At Apple's Worldwide Developers Conference on Monday, CEO Steve Jobs had anwhen he lost his Wi-Fi connection during his keynote presentation as he tried to download files to demo the difference in screen quality between an iPhone 3GS and the new iPhone 4.
The download failed, and his demo crashed on the new iPhone 4 because he couldn't maintain a solid Wi-Fi connection.
Certainly not the optimal time for a demo to fail, but at least now Jobs knows how iPhone users feel every day, as we suffer with AT&T's poor cellular network performance. And it should be pointed out that device tethering between attendees' laptops and cell phones may well have reduced these issues, if only AT&T allowed users to tether.
After the initial crash, Jobs later came back and asked people to turn off their access points (as in their MiFi, which is a line of compact wireless routers produced by Novatel Wireless that act as mobile Wi-Fi hot spots).
Jobs claimed that there were 570 of them in that hall. As Sam Diaz at ZDNet pointed out, "The problem is that if 10 percent of the 5,000 people in an audience create their own Wi-Fi networks in that room, there are now 500+ 'networks' all competing for the same wireless spectrum to transmit those signals--including the original Wi-Fi networks that the presenter has established in the room."
After some time, as he pressured more people to turn off their cell phones and put their laptops to sleep, he managed to do the demo. CNET's own Rafe Needleman made the excellent point that your bad network is not my problem on his ProPR Tips blog.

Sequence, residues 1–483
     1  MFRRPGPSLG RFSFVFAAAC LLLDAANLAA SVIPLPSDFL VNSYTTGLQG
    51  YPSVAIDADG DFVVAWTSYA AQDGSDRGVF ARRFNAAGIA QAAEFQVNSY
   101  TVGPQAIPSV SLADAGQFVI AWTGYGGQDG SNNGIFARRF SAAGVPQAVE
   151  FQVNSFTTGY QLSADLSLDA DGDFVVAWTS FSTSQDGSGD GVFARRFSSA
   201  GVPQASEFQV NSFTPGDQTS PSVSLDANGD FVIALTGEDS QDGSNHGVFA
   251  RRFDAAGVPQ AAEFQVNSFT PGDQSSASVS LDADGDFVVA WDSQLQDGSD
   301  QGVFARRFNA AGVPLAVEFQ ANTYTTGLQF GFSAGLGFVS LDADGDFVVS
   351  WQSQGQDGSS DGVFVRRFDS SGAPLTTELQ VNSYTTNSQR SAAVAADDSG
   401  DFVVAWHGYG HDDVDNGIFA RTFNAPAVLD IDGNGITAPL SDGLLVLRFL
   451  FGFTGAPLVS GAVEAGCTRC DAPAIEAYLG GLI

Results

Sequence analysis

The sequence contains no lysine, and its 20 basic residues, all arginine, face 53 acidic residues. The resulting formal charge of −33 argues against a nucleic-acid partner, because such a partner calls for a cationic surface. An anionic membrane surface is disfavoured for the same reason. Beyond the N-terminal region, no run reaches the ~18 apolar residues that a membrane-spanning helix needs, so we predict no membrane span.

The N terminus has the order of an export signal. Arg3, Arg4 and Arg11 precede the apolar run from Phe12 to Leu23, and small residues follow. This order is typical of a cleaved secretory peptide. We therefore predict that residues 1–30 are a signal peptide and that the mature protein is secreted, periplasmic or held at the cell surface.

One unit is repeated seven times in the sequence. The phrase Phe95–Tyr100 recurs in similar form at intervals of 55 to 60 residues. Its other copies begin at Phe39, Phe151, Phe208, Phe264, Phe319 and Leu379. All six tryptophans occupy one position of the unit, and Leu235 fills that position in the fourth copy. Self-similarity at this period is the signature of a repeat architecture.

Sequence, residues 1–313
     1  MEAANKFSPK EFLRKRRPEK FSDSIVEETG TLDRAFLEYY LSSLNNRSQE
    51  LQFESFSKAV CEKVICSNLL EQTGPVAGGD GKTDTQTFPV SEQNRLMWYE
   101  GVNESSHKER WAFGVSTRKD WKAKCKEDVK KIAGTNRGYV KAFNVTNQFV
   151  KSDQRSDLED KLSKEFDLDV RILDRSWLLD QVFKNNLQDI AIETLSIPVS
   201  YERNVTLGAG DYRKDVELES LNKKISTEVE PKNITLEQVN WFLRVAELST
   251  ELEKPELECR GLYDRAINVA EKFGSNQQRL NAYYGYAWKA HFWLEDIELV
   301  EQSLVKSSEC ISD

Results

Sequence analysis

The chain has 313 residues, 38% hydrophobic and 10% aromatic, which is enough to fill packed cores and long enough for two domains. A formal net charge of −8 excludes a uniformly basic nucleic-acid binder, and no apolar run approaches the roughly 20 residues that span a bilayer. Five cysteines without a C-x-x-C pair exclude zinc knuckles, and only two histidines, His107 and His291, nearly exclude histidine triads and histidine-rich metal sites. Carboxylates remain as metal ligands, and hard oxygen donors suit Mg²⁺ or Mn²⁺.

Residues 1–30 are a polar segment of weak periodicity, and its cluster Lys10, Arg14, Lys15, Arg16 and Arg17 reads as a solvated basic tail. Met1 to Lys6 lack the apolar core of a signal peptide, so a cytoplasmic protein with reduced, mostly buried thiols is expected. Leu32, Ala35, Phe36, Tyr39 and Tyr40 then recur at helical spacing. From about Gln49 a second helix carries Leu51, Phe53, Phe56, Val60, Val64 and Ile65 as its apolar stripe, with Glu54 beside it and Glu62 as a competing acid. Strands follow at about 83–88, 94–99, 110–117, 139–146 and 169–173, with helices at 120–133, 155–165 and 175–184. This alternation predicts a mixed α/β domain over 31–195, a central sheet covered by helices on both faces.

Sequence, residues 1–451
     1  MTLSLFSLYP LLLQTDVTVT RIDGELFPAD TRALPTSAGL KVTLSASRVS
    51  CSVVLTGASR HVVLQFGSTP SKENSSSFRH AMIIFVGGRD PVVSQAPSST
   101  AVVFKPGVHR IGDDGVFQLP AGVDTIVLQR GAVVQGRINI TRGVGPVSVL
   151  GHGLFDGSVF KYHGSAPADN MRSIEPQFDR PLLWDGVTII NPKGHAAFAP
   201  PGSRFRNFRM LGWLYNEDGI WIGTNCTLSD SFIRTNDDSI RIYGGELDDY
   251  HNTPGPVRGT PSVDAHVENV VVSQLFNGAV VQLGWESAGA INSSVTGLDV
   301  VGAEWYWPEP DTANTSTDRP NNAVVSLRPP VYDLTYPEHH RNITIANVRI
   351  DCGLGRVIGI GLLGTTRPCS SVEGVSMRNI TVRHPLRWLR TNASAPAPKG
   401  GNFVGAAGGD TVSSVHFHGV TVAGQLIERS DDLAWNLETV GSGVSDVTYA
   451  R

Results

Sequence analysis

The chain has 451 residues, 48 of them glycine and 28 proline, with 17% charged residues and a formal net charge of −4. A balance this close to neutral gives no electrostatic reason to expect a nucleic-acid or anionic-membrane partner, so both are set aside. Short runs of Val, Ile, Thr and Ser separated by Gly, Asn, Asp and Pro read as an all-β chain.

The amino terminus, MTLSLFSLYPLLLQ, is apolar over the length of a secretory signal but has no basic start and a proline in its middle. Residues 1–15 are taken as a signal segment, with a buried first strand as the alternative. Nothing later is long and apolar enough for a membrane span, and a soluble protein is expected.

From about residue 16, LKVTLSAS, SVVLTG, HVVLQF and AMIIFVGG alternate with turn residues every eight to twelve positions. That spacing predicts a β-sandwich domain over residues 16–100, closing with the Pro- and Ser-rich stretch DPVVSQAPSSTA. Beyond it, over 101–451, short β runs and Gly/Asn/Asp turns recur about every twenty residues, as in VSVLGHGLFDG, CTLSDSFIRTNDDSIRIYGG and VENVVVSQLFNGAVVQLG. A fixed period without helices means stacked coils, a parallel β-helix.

It's understandable that Jobs would get upset about something not working in a demo, but it's shocking that the company didn't set up a special network for him, instead hoping for the best on a consistently flaky Moscone Center Wi-Fi network. And, of course, the demand for everyone to comply in their own best interest to see the demo is so typically egotistical of Apple that it's not even shocking anymore.
On Tuesday, I spoke with Mahboud Zabetian, founder and chairman of WildPackets, who was at the keynote. According to Zabetian, the problem was that the new iPhone 4 is 802.11n, and the other iPhone 3GS used in the demo was 802.11g.
Apparently, most of the access points in use at the event were 802.11n, and there are only so many networks you can have in close proximity on 802.11. The new iPhone just could not get the signal from the access point that it needed to. Its signal was getting stepped on by "bloggers."
Zabetian made an excellent point to me that if AT&T allowed tethering of iPhones to laptops, then the people at the event probably wouldn't have been forced to set up their own networks--they could simply have used their phones for bandwidth.
And odds are that it was the combination of nontethered devices such as iPhones that were jumping on and off the wireless network that was causing so much signal interruption.
It's pretty amazing that in this day and age of wireless ubiquity, and Apple's newly minted position at the top of technology market capitalization, the company would allow itself to be undone by a flaky Wi-Fi connection.